News

Actions

State leaders urged to address issue of voting rights for ex-felons

Some find restoring voting rights for ex-felons unconstitutional in Florida
Some find restoring voting rights for ex-felons unconstitutional in Florida
Posted at 5:30 PM, Mar 30, 2018
and last updated 2018-03-30 18:20:24-04

TALLAHASSEE, Fla. (The News Service of Florida) - Following a ruling by a federal judge earlier this week that found the state's system of restoring voting rights for ex-felons is unconstitutional, several pastors and former felons from across Florida gathered Friday to ask state leaders to quickly address the issue.

The "Clergy Coalition for Civil Rights" held a news conference in Tallahassee, calling on Governor Rick Scott and the Florida Cabinet to make changes to the state's clemency process.

Under the current system, felons must wait at least five years before applying to have their civil rights, including the right to vote, restored.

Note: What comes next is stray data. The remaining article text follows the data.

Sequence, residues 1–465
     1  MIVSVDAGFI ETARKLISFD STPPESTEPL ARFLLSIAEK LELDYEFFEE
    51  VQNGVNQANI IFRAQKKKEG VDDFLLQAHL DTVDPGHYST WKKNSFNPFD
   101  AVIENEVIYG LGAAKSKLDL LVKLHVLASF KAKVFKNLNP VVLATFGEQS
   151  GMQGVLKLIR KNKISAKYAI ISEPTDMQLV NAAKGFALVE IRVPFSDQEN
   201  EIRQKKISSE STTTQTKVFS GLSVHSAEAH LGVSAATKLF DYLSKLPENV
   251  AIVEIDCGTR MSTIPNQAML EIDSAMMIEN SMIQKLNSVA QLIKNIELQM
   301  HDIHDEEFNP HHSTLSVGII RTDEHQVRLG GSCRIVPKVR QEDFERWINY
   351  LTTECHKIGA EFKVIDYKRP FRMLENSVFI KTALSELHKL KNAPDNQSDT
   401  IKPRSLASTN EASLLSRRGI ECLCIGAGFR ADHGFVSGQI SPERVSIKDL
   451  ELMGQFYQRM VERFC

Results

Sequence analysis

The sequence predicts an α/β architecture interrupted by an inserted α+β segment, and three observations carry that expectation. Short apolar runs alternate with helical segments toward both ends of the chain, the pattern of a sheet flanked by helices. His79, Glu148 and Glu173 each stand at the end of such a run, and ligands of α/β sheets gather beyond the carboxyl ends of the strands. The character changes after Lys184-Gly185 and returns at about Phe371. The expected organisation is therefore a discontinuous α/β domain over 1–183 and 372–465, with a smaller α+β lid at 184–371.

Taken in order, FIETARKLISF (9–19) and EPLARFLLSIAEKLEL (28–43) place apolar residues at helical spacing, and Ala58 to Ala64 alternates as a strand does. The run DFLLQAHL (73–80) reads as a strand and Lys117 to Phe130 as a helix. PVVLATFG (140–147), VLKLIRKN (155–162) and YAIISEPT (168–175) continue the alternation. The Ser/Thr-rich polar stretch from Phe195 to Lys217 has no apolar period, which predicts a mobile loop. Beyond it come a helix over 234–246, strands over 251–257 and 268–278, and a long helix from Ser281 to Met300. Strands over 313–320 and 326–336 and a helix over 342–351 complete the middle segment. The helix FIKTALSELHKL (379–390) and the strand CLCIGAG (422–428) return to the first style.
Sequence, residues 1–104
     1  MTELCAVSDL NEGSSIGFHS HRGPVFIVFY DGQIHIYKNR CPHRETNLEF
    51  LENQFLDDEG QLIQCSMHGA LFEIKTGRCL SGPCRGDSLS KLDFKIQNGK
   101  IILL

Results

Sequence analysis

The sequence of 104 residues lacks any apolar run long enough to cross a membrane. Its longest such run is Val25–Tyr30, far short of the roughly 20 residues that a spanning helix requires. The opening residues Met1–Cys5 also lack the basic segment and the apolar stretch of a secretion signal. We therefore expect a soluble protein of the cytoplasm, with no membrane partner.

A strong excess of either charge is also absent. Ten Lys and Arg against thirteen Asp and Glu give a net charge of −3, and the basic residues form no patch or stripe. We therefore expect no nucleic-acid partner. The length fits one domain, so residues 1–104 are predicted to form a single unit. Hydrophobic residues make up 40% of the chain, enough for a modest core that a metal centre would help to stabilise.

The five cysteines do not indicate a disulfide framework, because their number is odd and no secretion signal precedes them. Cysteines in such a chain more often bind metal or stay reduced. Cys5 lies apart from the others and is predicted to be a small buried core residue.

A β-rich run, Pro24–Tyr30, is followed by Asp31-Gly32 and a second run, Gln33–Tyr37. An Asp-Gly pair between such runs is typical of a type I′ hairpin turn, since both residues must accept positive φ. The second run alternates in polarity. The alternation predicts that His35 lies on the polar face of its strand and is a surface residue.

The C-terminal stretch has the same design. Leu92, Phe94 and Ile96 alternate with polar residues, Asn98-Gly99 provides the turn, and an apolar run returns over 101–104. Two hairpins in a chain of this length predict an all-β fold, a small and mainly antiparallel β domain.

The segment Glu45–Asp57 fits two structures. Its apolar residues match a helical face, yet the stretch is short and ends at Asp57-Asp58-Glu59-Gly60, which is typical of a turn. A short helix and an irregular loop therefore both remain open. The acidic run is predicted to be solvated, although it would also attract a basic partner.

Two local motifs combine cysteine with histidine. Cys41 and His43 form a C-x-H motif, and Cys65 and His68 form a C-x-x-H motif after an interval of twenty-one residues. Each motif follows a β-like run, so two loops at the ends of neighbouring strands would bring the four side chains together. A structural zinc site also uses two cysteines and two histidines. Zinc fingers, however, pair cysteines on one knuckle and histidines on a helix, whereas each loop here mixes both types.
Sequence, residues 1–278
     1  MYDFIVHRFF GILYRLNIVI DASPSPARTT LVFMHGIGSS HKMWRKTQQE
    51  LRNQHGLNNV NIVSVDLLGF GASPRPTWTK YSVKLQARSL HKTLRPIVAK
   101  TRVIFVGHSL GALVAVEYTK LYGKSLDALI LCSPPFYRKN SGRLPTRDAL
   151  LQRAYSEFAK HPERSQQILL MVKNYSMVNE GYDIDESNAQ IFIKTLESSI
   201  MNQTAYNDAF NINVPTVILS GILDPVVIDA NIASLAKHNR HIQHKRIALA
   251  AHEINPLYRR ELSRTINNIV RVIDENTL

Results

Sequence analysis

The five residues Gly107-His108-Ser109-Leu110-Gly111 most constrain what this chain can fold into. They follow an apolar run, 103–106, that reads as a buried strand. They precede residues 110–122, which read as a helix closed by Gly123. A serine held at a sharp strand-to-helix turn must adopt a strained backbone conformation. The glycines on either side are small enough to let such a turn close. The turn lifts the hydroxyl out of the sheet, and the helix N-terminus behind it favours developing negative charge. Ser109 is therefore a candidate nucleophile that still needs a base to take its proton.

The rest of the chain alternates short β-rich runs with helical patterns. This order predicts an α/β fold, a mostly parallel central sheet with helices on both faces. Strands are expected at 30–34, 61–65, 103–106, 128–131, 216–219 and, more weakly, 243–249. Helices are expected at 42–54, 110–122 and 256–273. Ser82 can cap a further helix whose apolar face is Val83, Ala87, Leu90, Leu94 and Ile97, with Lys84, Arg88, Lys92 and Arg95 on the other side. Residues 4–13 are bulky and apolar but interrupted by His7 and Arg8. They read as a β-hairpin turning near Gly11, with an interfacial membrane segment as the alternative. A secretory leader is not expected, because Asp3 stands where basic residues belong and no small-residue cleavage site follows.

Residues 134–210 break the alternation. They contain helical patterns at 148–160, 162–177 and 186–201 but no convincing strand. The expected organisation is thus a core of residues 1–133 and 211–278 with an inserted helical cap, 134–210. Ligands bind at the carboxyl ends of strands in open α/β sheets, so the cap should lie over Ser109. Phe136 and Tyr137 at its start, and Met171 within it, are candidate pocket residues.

Once an application is made, the process can take years to complete.

The restoration of felons' rights has long been controversial in Florida, with critics of the state's process comparing it to post-Civil War Jim Crow policies, designed to keep blacks from casting ballots.

"When a person has served his or her time in prison, paid their debt to society, paid restitution and are off probation, it is the humane and right thing to do," said Reverend RB Holmes of Bethel Missionary Baptist Church.

38 states automatically restore voting rights for most felons, and two states, Maine and Vermont, even allow prisoners to vote from behind bars.

Automatically, restoring the right to vote for convicted felons in Florida could add between 600,000 and 1.6 million voters to the state's voting rolls, according to national voting-rights experts.